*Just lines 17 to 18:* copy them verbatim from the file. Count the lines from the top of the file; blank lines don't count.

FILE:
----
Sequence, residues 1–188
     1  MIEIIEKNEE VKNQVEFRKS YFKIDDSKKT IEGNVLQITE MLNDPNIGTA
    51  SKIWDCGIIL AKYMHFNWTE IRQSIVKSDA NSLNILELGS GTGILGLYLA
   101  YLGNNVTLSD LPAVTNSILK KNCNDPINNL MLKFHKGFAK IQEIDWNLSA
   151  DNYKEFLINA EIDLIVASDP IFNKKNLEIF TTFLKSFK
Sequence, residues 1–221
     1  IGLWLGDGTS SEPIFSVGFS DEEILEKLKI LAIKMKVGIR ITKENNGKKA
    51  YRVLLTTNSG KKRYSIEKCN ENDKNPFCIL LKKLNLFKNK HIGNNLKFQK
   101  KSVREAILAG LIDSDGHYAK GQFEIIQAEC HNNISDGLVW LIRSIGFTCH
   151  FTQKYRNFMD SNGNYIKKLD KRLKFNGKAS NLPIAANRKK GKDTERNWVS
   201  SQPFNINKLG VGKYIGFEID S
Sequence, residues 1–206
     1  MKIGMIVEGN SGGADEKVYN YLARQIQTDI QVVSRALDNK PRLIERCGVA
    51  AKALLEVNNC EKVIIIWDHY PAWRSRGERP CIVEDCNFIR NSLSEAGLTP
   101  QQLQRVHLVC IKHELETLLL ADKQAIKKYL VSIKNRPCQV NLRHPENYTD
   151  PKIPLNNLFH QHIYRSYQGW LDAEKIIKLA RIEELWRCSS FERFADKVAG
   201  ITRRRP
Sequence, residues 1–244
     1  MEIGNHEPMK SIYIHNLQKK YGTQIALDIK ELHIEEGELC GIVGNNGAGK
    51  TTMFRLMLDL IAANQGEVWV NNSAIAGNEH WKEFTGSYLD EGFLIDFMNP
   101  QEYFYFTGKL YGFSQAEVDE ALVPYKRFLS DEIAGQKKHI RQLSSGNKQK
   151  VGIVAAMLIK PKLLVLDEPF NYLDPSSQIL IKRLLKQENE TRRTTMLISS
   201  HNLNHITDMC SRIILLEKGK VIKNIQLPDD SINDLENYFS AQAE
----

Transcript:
   201  ITRRRP
Sequence, residues 1–244